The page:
In my tradition, when we gather to celebrate Eucharist, together we proclaim the mystery of faith:

Christ has died;
Christ is risen;
Christ will come again.

Death. Resurrection. New Creation.

The broken bread and poured out wine testify to the presence of the risen Savior. The welcome table itself testifies to the presence of the Lord of life within the assembly.

Our actions announce the reign of life despite the reality of death, but we often need to tell the story of Jesus in our life. We frequently need to describe the transformation that happens when we meet the risen Christ and become easter people. Why did you notice me? Why were you kind to me? Why did you help at the toy drive? Why do you always attend the reach out-gather in dinner? They've seen it; now you explain it!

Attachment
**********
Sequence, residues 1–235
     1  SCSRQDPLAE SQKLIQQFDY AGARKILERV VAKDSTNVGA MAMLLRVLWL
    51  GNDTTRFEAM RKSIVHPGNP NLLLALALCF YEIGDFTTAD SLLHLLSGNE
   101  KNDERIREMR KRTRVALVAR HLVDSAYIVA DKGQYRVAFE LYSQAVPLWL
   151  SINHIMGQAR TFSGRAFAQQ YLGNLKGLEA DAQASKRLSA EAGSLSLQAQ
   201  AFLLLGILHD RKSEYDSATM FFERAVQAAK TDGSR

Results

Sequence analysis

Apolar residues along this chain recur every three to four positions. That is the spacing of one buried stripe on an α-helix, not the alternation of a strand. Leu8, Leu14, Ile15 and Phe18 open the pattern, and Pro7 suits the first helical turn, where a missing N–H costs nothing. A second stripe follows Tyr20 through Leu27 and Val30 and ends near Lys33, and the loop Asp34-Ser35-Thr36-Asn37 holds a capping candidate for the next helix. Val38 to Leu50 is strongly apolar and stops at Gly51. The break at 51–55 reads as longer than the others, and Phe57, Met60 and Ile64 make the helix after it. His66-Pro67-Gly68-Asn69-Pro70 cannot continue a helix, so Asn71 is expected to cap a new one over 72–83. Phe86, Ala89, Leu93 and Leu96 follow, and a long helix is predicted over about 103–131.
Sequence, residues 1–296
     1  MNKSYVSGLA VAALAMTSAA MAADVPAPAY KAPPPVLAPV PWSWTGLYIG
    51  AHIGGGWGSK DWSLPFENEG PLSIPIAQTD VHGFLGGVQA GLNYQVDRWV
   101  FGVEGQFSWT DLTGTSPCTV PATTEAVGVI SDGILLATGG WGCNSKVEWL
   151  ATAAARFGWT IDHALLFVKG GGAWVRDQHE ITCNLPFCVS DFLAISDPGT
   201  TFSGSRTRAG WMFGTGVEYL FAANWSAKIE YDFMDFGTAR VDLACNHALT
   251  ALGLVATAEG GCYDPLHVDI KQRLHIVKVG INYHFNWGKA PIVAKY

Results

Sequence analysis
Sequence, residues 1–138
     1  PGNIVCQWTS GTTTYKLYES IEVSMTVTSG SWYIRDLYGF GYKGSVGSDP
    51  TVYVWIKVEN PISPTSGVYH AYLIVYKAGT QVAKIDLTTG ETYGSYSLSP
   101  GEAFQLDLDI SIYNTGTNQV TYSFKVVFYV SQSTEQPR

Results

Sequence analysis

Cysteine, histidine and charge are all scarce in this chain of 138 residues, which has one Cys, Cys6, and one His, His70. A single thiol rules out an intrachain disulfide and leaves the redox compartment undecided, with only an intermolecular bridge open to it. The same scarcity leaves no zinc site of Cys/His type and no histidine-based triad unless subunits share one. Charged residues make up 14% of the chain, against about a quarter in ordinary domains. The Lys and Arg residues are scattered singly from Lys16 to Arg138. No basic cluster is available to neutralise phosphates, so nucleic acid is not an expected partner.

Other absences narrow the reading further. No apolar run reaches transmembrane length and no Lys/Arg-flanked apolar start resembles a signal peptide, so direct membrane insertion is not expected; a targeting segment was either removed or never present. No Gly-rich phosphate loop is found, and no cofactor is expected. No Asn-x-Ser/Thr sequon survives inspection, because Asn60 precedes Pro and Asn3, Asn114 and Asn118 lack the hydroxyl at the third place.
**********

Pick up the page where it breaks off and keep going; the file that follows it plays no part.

The world needs all of our apostolic (yes, we're all apostles, because we've witnessed death and resurrection) testimonies, yet more often we get to share it with one or two residents of this planet at a time—definitely not in ways that trend worldwide. When someone asks you to bear your testimony how do you begin?

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Saturday, October 15, 2022

Five Minute Friday :: Compromise

california mexico cuisina
photograph with reuse rights by y6y6y6 on flickr

Five Minute Friday :: Compromise Linkup

It's hybrid! It's fusion! It's a gift of compromise!